What You Need to Know If You Get a Warrant for Arrest
Close up of male hands in bracelets behind back
How Do Arrest Warrants Work? If you don’t know how arrest warrants work, we’ll explain. An arrest warrant is a legal document issued by the court to authorize law enforcement to place you under arrest and to search your body and the plain view area in which you are arrested. A warrant for your arrest does not allow law enforcement to search your home, car, or other location that is not in plain view. In other words, they need a valid “search warrant” to enter your home. In addition, an arrest warrant is not an “administrative warrant” (which includes warrants of deportation or removal).
What to Do Next If you’re served a warrant for arrest, the first thing you should do is take a close look at it to ensure it’s valid. An arrest warrant must:
In most cases, the only way to clear up a warrant for arrest is to turn yourself in to the police. However, an attorney may be able to arrange for you to appear in court without having to be taken into custody. If you have already been taken into custody, do not try to talk yourself out of jail, make any statements about your case, or participate in anything in regards to your case without having legal representation. You are entitled to the assistance of a defense attorney and you should never pass on using that right. An experienced lawyer can help reduce your sentence or even possibly get your charges dropped. If you have been arrested or have a warrant out for your arrest, contact The Law Office of Bradley Corbett!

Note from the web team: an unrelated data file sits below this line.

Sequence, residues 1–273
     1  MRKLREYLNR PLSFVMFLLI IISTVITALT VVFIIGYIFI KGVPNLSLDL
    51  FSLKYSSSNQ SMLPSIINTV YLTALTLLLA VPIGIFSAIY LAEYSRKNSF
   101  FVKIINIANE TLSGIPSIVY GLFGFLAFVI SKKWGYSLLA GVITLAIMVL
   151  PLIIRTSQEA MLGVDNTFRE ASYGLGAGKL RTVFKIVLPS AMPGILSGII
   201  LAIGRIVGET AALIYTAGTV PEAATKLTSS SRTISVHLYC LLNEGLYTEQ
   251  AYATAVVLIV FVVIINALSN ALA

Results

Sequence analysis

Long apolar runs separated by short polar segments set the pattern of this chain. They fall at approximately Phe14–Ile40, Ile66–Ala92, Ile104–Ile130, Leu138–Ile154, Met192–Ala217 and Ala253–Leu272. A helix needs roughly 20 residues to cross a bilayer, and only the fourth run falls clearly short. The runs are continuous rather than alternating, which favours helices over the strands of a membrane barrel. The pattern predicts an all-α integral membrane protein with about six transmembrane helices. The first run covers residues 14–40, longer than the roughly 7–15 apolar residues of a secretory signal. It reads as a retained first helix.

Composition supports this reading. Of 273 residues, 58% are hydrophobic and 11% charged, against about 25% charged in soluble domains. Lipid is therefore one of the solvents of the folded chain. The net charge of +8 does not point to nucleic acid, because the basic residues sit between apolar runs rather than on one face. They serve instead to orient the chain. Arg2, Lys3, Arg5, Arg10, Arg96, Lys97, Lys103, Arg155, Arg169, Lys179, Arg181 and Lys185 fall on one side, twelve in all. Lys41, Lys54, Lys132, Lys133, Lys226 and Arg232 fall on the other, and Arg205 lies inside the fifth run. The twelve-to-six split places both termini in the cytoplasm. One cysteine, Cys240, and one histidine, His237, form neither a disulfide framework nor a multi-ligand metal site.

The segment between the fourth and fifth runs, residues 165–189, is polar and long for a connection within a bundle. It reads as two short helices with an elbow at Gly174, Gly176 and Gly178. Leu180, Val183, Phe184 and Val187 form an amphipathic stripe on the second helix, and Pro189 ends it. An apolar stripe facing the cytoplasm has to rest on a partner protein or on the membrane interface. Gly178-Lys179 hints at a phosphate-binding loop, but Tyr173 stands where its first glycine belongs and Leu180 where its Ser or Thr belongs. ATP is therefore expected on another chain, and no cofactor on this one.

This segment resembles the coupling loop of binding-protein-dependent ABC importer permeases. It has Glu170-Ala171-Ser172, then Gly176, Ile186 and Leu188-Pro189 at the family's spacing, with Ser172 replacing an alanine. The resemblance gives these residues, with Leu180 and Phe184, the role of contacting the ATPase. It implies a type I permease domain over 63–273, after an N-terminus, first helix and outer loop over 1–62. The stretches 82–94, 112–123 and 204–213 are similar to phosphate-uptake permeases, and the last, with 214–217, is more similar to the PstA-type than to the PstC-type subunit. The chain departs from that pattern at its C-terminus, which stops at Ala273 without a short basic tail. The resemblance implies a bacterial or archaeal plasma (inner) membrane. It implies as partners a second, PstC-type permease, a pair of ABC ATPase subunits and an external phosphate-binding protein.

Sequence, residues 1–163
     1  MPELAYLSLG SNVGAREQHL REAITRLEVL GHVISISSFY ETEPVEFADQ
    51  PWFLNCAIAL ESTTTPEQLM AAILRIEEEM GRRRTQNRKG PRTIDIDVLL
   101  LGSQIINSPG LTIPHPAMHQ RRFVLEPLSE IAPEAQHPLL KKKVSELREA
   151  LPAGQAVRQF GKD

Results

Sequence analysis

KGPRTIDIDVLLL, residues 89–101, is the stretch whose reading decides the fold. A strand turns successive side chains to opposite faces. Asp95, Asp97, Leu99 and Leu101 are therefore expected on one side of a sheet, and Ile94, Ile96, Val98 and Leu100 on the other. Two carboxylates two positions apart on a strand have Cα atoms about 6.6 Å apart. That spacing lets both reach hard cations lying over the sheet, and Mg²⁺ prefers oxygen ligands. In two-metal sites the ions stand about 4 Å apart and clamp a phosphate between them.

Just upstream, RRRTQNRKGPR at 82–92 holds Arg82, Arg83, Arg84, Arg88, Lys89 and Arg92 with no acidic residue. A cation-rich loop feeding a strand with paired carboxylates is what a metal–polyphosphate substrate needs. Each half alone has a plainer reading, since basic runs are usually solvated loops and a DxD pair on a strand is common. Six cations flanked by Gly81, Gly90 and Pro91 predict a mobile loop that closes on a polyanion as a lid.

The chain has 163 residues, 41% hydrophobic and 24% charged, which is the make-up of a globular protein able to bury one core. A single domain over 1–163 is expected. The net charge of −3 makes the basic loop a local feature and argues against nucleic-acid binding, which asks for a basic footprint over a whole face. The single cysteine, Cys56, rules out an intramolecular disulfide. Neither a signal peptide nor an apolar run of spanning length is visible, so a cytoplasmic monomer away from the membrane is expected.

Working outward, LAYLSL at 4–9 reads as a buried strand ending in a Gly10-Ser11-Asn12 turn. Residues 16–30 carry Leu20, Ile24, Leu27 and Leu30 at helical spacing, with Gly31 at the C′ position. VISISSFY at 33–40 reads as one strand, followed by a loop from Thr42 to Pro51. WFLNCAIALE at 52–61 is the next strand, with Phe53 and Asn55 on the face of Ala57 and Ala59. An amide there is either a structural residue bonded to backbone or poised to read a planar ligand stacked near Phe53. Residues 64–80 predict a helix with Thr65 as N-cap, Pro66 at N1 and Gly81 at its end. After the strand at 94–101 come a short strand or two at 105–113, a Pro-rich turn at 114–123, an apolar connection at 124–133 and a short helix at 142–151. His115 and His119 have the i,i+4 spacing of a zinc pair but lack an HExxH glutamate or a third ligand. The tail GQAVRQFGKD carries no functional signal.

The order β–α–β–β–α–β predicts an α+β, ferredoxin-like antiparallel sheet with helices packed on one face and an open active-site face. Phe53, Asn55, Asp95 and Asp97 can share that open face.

- Contain a specific description of you (the person to be arrested)
- Contain probable cause (the reasons why the officer believes you should be arrested)
- Be based on police statement that is made without reckless disregard for the truth
- Be issued by a neutral judge or grand jury
Bradley Corbett is a criminal defense attorney in San Diego. He graduated from Brigham Young University in Provo Utah in 2004. Later he enrolled at Thomas Jefferson School of Law in San Diego where he participated in a prestigious internship program with the Los Angeles County Public Defender. Since then he has handled over 2,000 cases.